Host exploitation and fidelity in Acacia gall-invading parasites

Gonsalves, Glean (2010) Host exploitation and fidelity in Acacia gall-invading parasites. Masters thesis, Memorial University of Newfoundland.

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The form of social organization seen in the Acacia gall-inducing thrips genus, Kladothrips, is credited to the invasion pressures exerted by species of the parasitic thrips genus, Koptothrips. Critical to this conclusion is the assertion that parasite evolution is more or less in lockstep with the divergence of the hosts. Koptothrips populations are thought to specialize in invading specific Kladothrips taxa. I assessed host exploitation patterns of Koptothrips flavicornis and Koptothrips dyskritus within a single host, Kladothrips intermedius. I also investigated, using DNA sequence data, the connectivity of various Koptothrips flavicornis and Koptothrips dyskritus populations. Results from host exploitation investigations suggest that Koptothrips flavicornis and Koptothrips dyskritus exhibit different patterns when invading a common host, while genetic investigations indicate the absence of host fidelity in regions of overlapping host distribution. My study, while narrow in scope, casts some doubt on the existing model for host/parasite coevolution in this system.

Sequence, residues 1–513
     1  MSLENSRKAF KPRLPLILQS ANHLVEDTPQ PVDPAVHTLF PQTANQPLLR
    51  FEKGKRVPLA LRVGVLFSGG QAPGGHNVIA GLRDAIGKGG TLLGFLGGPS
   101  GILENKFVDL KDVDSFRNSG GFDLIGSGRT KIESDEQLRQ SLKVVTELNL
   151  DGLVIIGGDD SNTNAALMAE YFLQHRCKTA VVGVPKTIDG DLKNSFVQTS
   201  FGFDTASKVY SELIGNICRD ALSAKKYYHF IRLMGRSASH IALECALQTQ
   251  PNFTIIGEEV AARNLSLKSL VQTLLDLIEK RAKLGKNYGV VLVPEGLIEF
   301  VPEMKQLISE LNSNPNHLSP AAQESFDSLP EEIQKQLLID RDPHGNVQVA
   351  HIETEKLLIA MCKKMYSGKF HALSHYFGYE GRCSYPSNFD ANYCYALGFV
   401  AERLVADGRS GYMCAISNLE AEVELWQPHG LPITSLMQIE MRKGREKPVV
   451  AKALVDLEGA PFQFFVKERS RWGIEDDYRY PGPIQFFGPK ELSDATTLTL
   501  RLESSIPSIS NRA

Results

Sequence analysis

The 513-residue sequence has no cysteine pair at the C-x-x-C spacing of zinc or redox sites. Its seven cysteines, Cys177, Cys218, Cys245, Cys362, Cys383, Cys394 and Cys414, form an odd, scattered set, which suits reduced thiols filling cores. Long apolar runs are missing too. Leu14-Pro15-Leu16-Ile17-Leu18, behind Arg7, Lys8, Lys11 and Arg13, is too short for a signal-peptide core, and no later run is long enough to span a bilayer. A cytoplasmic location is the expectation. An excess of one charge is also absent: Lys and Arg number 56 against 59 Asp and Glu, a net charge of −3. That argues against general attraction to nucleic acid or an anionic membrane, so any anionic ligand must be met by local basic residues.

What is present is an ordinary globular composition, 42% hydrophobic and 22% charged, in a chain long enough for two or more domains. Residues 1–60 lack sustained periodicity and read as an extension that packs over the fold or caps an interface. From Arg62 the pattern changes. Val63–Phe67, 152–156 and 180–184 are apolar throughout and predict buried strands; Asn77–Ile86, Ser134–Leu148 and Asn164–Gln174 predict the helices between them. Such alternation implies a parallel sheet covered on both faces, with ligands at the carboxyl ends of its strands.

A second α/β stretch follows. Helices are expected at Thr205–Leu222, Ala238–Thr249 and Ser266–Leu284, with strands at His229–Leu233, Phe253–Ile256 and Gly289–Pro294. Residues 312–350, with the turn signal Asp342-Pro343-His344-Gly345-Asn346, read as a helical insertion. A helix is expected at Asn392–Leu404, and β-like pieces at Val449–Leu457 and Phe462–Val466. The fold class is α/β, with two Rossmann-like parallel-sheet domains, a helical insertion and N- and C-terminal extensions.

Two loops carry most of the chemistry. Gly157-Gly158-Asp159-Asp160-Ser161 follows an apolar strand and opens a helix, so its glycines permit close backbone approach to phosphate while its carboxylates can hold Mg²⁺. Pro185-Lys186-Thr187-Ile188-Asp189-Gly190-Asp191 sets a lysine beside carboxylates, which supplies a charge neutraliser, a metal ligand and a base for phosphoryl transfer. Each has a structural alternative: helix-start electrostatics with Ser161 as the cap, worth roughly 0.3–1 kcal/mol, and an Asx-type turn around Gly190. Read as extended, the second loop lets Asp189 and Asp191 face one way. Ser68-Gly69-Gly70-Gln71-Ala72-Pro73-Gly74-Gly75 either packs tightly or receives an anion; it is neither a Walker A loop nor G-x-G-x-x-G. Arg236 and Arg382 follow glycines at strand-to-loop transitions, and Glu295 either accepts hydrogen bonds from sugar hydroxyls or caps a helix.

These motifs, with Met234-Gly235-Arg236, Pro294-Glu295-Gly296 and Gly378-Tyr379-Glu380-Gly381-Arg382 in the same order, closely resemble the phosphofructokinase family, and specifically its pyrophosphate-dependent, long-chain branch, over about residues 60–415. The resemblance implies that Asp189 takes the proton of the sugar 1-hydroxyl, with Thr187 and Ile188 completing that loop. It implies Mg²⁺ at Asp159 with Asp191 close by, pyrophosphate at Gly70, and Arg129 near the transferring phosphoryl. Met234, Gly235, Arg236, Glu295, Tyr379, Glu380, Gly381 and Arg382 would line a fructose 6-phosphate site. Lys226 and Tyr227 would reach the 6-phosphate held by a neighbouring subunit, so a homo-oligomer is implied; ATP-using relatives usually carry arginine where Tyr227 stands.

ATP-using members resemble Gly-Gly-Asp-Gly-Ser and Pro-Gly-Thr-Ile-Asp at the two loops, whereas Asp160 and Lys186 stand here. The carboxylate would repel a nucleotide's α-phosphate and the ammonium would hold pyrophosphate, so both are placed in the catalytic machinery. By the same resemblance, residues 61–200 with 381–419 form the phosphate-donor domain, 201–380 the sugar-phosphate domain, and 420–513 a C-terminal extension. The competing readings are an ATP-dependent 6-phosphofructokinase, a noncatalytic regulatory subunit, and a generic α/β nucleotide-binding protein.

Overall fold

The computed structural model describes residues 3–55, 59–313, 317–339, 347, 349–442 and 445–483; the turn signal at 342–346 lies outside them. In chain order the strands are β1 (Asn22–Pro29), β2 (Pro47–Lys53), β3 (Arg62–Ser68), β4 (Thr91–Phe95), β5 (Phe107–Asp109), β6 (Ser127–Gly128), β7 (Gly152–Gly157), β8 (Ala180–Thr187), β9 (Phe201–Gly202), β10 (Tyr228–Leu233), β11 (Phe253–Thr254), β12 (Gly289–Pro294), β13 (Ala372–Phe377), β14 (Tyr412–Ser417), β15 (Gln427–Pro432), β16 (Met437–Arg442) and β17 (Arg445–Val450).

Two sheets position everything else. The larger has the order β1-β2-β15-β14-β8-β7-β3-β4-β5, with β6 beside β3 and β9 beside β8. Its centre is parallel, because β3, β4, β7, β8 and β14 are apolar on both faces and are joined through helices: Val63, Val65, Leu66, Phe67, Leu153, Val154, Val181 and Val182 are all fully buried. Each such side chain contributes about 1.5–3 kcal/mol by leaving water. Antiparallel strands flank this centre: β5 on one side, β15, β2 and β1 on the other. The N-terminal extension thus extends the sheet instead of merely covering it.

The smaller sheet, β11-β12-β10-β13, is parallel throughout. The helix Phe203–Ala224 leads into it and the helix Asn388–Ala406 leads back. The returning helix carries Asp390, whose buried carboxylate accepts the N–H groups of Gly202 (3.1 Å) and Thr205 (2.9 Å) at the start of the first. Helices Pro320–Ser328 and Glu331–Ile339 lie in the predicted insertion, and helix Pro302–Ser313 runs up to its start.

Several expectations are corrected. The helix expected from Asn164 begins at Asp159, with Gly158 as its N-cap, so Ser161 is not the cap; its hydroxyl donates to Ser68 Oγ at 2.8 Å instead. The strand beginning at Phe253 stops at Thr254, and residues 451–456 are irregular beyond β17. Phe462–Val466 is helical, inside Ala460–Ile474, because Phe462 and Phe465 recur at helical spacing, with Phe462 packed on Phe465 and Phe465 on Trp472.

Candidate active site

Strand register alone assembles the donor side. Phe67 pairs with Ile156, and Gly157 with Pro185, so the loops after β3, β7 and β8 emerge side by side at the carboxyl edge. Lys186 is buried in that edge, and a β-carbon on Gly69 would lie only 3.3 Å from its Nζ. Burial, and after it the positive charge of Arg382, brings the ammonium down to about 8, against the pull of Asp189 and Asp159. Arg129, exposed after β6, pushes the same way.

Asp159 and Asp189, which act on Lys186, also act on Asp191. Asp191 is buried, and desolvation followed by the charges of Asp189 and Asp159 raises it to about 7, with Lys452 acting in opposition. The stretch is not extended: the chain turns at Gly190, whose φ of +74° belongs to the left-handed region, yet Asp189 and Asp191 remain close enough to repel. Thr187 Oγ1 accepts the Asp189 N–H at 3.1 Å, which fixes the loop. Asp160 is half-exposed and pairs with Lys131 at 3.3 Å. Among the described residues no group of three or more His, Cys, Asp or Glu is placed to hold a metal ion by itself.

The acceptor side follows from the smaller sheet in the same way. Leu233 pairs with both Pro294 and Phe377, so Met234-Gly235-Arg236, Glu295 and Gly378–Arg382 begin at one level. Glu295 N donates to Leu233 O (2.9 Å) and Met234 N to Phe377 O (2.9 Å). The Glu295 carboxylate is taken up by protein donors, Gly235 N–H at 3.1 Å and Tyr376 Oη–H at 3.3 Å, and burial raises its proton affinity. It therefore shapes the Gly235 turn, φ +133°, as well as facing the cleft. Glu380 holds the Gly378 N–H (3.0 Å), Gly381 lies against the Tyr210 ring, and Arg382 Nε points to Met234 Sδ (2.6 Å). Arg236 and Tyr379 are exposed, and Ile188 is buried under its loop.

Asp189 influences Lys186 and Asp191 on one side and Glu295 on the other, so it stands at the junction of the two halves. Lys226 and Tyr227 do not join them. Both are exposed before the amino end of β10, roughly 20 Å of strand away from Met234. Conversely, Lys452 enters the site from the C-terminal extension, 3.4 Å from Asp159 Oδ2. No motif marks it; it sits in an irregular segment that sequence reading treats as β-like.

Item Type: Thesis (Masters)
Item ID: 9597
Additional Information: Bibliography: leaves 87-102.
Department(s): Science, Faculty of > Biology
Date: 2010
Date Type: Submission
Library of Congress Subject Heading: Acacia--Host plants; Acacia--Diseases and pests; Thrips--Evolution; Thrips--Behavior--Genetic aspects; Gall insects--Evolution; Parasitic insects--Evolution; Parasites--Evolution; Parasitism--Prevention

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